The results showed that those in the semaglutide group lost 15.8% of their body weight, while the liraglutide group lost 6.4%. Not only that, but semaglutide was better tolerated, with only 13.5% of participants discontinuing compared to 27.6% with liraglutide. Though both groups experienced common side effects, semaglutide was found to be more effective overall.
What are the side effects of Wegovy vs Saxenda?
80% of people in both groups reported experiencing side effects like constipation, cramping, bloating, indigestion and diarrhoea. The most common side effects of this type of medication are gastrointestinal-related issues.
There are also more serious side effects with both these medications, most notably, the risk of thyroid carcinoma. Those with a family history of thyroid cancer and multiple endocrine neoplasia syndrome type 2 should avoid taking both Saxenda and Wegovy.
Other more serious side effects from both these medications include:
- Pancreatitis (inflammation of the pancreas)
- Gallbladder issues
- Kidney disease
If you experience any of these symptoms and side effects, it’s important to contact your healthcare provider and seek medical advice.
Other weight loss drugs that work differently from Wegovy
Orlistat, also known as Xenical or Alli works by blocking the absorption of fat in the gut, meaning you absorb fewer calories from the food you eat. Studies have shown that Orlistat can help people lose up to 10% of their body weight over a year. However, Orlistat can cause unwanted side effects such as flatulence and diarrhoea, which can make it difficult to adhere to the medication long-term.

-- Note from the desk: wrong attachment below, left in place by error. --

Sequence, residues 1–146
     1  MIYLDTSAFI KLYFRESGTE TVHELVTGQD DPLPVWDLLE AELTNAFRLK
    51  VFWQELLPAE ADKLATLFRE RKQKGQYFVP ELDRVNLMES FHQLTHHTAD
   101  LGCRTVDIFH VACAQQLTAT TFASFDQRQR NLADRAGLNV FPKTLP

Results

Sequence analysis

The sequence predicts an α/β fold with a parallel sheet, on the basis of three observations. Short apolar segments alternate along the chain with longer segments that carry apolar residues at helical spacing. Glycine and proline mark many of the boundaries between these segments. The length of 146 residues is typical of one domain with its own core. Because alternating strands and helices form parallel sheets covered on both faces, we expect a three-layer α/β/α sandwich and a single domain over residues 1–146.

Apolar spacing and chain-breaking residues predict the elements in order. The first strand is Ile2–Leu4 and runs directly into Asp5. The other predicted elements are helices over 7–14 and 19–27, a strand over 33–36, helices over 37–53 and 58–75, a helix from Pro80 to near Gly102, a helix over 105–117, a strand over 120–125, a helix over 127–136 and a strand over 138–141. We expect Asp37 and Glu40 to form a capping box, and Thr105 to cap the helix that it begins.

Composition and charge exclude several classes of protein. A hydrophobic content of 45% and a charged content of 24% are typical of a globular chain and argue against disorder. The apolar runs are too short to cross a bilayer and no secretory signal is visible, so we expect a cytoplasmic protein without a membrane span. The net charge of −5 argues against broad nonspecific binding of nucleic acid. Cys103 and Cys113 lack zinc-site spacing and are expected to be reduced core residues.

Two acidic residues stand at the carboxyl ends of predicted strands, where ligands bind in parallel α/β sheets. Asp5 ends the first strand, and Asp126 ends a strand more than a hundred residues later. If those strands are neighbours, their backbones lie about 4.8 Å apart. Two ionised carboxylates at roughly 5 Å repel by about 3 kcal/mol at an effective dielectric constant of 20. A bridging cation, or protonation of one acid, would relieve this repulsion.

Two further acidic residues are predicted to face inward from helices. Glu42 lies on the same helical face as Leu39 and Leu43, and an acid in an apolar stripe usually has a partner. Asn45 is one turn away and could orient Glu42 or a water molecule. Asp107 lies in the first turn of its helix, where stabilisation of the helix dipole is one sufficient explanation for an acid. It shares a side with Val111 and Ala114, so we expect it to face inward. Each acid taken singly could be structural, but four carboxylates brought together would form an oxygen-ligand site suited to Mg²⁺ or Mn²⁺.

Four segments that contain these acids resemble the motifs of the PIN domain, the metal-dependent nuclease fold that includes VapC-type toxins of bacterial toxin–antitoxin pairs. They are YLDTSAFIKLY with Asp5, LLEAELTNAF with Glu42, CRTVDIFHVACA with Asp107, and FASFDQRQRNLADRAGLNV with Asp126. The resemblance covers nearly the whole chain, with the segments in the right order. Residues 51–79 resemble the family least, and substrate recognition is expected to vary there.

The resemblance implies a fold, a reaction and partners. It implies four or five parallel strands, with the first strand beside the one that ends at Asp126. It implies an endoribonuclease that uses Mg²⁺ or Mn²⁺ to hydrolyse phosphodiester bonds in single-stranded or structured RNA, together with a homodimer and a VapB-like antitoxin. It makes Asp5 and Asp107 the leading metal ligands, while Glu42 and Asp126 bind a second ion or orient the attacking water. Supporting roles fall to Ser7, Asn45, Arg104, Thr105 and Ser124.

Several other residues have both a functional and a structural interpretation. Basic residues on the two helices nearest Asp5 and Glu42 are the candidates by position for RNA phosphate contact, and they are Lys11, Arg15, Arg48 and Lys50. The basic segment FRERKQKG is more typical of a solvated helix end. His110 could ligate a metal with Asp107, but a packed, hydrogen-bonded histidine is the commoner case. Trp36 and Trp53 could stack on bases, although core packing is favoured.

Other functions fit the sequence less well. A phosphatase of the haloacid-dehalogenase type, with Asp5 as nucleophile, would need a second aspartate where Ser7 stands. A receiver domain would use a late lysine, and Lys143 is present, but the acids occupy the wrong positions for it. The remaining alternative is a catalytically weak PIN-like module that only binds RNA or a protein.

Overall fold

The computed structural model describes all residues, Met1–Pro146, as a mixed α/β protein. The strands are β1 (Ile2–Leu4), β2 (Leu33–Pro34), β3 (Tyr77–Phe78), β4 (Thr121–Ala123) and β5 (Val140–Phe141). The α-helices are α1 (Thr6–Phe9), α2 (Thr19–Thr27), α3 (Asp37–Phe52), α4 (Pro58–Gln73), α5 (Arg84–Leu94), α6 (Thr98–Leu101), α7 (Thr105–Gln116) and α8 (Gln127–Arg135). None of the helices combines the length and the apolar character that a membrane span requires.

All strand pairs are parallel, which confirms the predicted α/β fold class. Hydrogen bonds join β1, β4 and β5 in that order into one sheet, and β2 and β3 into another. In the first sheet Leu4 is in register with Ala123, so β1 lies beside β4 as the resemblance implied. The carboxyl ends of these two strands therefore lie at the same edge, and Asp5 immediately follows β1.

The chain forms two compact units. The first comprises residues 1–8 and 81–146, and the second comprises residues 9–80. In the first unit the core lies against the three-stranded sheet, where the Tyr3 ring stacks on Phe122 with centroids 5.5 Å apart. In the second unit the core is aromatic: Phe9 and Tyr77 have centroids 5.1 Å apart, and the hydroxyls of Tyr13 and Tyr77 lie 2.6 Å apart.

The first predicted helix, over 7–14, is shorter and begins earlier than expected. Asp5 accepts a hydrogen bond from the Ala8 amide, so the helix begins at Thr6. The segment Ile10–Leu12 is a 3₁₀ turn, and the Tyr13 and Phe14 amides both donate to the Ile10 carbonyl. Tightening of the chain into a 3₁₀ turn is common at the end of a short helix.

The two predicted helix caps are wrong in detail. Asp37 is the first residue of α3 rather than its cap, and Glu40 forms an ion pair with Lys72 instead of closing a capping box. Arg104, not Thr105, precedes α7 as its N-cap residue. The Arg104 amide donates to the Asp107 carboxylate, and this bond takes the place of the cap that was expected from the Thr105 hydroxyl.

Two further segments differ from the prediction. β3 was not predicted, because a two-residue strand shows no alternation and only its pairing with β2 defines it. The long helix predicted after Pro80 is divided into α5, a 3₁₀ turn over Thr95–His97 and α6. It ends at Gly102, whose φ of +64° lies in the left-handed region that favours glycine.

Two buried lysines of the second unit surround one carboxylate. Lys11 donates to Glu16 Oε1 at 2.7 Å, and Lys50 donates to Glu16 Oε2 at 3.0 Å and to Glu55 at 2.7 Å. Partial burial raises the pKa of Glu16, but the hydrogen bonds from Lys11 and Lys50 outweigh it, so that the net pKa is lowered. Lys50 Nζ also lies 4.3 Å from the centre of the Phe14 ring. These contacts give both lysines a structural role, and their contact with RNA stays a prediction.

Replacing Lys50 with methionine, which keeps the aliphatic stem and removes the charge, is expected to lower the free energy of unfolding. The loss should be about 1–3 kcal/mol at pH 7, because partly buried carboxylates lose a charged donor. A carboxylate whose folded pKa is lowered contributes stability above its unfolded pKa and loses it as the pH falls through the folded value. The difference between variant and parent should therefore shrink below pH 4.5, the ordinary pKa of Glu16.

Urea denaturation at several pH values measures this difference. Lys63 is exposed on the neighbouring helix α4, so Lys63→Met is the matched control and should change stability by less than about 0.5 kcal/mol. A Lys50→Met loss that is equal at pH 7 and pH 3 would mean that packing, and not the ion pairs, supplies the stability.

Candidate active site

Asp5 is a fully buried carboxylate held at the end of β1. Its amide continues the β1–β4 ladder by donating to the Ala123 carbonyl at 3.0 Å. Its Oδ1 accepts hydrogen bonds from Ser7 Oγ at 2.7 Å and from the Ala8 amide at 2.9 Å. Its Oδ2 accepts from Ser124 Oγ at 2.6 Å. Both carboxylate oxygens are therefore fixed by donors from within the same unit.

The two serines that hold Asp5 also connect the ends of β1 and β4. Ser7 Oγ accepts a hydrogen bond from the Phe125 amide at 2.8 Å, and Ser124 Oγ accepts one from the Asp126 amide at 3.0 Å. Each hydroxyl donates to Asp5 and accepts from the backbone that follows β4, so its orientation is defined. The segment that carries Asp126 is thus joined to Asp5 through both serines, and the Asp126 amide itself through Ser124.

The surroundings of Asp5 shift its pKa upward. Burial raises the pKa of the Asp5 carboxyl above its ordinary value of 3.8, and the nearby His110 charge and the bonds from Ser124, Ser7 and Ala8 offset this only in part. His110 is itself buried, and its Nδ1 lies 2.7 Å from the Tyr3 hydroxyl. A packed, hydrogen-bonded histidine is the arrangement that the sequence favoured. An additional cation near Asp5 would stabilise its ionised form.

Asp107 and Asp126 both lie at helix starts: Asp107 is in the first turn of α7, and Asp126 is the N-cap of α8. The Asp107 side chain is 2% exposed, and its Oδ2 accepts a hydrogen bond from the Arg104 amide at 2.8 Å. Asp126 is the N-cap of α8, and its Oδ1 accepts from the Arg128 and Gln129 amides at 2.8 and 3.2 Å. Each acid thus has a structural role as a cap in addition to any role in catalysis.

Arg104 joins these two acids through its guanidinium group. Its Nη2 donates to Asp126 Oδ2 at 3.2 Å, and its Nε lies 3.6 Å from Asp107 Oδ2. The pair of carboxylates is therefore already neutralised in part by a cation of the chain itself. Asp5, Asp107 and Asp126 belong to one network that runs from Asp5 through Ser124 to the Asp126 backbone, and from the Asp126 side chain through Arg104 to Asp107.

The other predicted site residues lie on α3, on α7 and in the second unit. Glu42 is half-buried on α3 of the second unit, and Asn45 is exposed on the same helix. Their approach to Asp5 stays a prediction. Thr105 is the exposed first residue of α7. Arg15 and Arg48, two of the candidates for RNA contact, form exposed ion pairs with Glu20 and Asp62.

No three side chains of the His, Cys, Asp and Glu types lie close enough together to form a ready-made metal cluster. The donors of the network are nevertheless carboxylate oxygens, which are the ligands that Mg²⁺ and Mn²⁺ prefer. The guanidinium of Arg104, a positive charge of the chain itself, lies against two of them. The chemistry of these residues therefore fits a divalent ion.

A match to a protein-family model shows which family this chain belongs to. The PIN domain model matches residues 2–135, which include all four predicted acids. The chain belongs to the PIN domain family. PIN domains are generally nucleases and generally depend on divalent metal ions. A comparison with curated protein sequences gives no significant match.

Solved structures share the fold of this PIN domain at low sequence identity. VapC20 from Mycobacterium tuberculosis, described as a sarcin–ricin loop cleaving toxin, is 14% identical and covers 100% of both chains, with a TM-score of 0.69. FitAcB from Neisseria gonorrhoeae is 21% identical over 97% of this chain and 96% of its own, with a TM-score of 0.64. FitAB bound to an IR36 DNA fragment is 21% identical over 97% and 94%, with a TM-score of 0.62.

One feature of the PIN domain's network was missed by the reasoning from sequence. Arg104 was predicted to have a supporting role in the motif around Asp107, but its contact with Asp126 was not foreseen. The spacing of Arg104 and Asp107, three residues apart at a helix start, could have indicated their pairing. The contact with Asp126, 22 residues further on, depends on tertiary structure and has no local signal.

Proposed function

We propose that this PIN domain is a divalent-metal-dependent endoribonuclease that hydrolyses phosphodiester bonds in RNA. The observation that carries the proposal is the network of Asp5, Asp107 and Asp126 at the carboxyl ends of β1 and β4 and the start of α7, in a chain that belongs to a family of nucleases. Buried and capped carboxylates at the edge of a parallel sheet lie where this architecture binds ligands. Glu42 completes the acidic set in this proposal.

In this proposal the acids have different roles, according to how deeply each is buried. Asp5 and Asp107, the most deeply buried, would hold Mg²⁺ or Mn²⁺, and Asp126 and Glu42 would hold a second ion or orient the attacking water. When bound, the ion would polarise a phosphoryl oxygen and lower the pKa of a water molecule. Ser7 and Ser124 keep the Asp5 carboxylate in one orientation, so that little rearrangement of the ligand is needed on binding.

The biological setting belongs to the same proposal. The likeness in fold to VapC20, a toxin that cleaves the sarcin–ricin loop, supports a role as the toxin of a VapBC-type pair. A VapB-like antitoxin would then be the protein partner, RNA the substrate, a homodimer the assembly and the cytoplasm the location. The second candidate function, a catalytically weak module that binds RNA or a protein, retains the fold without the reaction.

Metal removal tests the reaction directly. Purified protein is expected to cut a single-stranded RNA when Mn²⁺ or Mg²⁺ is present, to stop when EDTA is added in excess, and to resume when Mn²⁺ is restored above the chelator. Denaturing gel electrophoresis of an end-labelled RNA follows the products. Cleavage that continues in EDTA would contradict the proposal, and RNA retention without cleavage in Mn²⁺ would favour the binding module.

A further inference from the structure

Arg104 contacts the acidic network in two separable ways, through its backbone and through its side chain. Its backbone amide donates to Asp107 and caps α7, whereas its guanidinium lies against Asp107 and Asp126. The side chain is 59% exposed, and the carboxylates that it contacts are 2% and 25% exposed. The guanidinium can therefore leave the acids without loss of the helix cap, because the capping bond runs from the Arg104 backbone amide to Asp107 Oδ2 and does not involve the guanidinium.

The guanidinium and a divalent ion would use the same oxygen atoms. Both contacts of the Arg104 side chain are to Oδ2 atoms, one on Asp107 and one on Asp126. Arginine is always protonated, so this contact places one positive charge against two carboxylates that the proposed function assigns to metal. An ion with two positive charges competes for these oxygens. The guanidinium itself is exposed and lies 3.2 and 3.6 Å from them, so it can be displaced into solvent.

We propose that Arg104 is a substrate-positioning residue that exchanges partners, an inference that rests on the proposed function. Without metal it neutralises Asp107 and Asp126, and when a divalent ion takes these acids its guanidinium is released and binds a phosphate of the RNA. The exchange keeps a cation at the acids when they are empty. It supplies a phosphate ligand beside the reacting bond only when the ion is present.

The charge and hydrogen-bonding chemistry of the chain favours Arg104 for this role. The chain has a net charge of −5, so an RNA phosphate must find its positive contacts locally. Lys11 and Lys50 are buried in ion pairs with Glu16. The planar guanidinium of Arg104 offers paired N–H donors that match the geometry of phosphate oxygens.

Phentermine is another weight loss drug that’s been around for decades. It works by suppressing appetite and increasing energy levels. Studies have shown that Phentermine can help people lose up to 5% of their weight over a year. However, Phentermine is only recommended for short-term use as it can cause heart palpitations, high blood pressure, and other side effects.
Contrave is another weight loss drug that combines bupropion and naltrexone. Bupropion is an antidepressant that can help suppress appetite, and naltrexone is used to reduce alcohol and drug cravings. Contrave works by reducing appetite and increasing feelings of fullness. Studies have shown that Contrave can help people lose up to 5% of their weight over a year. However, it can cause side effects such as nausea, headaches, and constipation.
Speak to a healthcare professional
So, does Wegovy medication work better than other weight loss drugs? While all weight loss drugs have their pros and cons, Wegovy has shown significant weight loss results of up to 15% of body weight over several weeks. However, it’s an injectable medication that may not suit some patients. Ultimately, the best weight loss medication for you should be discussed with your healthcare provider, taking into account your health history, lifestyle, and goals. Remember that weight loss is a journey and not a quick fix, and a combination of lifestyle changes and medication may be necessary for some people to reach their weight loss goals.
- Weight-Loss Prescription Medication | Wegovy® (semaglutide) Injection 2.4 mg
- Effect of Weekly Subcutaneous Semaglutide vs Daily Liraglutide on Body Weight in Adults With Overweight or Obesity Without Diabetes: The STEP 8 Randomized Clinical Trial – PubMed
- Wegovy (semaglutide): a new weight loss drug for chronic weight management – PMC
NowPatient has taken all reasonable steps to ensure that all material is factually accurate, complete, and current. However, the knowledge and experience of a qualified healthcare professional should always be sought after instead of using the information in this page. Before taking any drug, you should always speak to your doctor or another qualified healthcare provider.
The information provided here about medications is subject to change and is not meant to include all uses, precautions, warnings, directions, drug interactions, allergic reactions, or negative effects. The absence of warnings or other information for a particular medication does not imply that the medication or medication combination is appropriate for all patients or for all possible purposes.